Rochester Cathedral: a window onto eternity
Rochester Cathedral: a window onto eternity
O world invisible, we view thee
These words are the opening line of Francis Thompson’s poem In no strange land – a remarkable work written when Thompson was a homeless opium addict and written on any scrap of paper that he could find. There on the streets of London, the poet could see the hand of God all around him and the glory of his presence. Later on in the poem it runs:
‘Tis ye, ’tis your estranged faces,
That miss the many–splendoured thing.
135 years after the poem was written we are estranged from the many–splendoured thing of God as much as ever. As the Canon Precentor at Rochester I am keenly aware that the language of faith is no longer taught effectively either in families or at school today and consequently much of our worship and even the cathedral building itself is remote and ‘estranged’ from many people’s experiences. Even those more familiar with the Christian story are easily overwhelmed by our contemporary consumerist attitudes in society and read and receive Rochester Cathedral as ‘just another heritage site’.
When you step over the threshold of the cathedral by any of its doors you enter a place infused with God. In our twentieth first century world we encounter a space unlike anything we build commercially or institutionally today. The diffusion of light on stone and wood is unique and forms a special experience. How different this is from the brooding castle opposite or the bustling High Street next door.
In one sense the building has a life and identity of its own: as you step off the pavement at the Great West Doors you descend onto the floor of the Nave but at the same time are embraced by a vista of pillars and arches leading the eye to the Pulpitum steps, platform and screen and through into the Quire and the distant sanctuary of the High Altar. This was our mediaeval forebears’ way of expressing the journey through this life from birth (and baptism) to heaven. Form and function, aesthetics and style, are conceived and executed with a different perspective and for an end in which we are the fleeting subject and not the ultimate object. Meaning and theology are built into the stones themselves as everything in this place has God as its focus and priority. This is a place where the future is as real as the past and the present.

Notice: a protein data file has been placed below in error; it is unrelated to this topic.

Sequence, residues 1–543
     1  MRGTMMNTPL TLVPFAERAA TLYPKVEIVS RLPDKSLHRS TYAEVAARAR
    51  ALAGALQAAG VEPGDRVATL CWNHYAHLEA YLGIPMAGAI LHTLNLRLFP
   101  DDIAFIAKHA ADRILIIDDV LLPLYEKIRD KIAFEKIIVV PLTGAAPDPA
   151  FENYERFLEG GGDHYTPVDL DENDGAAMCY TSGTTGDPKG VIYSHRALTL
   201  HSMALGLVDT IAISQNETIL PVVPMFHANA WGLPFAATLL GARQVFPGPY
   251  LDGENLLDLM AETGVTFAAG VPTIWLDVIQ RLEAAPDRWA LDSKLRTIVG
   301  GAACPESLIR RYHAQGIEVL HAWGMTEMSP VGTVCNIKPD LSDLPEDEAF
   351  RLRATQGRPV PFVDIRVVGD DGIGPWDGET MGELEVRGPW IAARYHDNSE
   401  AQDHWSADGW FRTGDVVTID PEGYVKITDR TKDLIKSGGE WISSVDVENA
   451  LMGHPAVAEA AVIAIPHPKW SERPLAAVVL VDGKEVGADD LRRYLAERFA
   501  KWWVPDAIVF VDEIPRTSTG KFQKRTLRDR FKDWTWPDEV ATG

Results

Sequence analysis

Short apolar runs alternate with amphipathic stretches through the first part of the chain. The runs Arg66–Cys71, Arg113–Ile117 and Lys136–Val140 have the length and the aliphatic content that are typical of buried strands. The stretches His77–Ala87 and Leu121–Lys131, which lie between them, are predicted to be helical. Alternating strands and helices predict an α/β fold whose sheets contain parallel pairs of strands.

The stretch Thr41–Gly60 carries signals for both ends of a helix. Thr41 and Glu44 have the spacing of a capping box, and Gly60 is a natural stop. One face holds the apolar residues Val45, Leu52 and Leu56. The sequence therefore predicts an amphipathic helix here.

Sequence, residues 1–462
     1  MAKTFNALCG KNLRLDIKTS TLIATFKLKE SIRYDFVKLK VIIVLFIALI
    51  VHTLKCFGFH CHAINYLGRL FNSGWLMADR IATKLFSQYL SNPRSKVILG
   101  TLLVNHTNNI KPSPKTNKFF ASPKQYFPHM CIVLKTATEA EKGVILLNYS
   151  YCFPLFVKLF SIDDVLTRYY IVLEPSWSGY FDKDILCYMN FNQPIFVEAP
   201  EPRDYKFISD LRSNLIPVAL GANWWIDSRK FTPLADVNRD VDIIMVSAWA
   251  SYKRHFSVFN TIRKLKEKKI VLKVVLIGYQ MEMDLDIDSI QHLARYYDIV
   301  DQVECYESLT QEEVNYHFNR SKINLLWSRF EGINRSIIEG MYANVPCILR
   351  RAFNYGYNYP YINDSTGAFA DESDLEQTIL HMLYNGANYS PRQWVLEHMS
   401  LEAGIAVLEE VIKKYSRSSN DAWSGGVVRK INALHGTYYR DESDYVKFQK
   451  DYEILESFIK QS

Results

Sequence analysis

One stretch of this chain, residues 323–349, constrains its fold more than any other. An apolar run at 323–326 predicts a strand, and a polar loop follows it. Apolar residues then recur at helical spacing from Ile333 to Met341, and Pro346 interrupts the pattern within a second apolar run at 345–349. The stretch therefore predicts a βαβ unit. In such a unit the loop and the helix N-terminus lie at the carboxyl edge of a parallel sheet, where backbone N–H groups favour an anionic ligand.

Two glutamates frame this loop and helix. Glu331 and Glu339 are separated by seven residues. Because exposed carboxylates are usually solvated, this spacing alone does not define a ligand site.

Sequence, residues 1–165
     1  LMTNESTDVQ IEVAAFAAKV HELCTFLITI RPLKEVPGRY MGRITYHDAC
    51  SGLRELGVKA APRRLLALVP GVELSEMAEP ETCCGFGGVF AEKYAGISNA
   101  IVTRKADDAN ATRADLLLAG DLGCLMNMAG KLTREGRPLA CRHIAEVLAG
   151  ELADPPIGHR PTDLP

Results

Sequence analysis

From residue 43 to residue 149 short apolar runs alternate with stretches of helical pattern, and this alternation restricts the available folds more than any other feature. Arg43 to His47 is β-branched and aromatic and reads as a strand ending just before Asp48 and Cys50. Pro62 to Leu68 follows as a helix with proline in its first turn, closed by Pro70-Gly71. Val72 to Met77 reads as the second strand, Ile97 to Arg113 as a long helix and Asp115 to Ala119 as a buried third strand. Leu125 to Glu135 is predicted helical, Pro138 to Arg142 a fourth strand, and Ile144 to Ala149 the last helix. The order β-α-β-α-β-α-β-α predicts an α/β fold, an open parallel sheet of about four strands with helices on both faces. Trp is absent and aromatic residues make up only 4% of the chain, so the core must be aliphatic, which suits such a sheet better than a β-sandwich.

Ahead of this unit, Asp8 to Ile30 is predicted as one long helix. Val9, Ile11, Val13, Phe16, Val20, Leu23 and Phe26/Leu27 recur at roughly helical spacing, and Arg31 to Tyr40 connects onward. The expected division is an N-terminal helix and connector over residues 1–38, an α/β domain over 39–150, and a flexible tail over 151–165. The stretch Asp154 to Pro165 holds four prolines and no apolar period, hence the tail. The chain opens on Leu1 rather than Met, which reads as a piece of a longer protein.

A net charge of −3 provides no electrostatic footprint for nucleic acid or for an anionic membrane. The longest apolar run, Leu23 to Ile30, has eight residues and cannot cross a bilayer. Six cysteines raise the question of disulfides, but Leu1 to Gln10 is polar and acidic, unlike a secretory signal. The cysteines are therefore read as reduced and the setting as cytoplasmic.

Holy space is utterly alien to our consumer–fuelled materialist anthropocentric society. This building is about God first and foremost and then us – and it involves a re–orientation of our values and the way that we see. So our cathedral is so much more than a heritage museum site, a visitor attraction or even ‘a place of worship’. It is holy space where light and space are contained by stone and wood and glass – and where even time itself is changed in worship from linear time into significant time where the past, the present and the future are apprehended in looking beyond our natural horizons and below the surface of the familiar material world.
The building itself has inherent meaning and articulates the apprehension and practice of faith and hints of life and reality beyond our own language, thought systems and being. The original builders created a cruciform church whose shape is more sacramental than symbolic and where the axis of each part of the cathedral involves the vertical as well as the horizontal. This is revolutionary and challenging to the ways that ordinarily form our human spaces and routines. Holy space is transformational.
Cathedrals and greater churches in our land are currently being asked to draw up a ‘liturgical plan’ in which these issues are thought about, and expressed in a sense of order and vision for each place of worship. The Liturgy and Music Department of the cathedral consists of an extraordinary team of talented and visionary people who through dedication and imagination release a living offering within and through the building. These acts of worship express what the building is through human expression and unite and synthesise our experience of the world as an offering to God who is over and beyond us as well as within and amongst us. So our cathedral is a window onto reality, onto eternity itself. We are defined by statute as “the seat of the bishop and a centre for mission and worship” but there is more beyond these words which I would like to express in three different ways.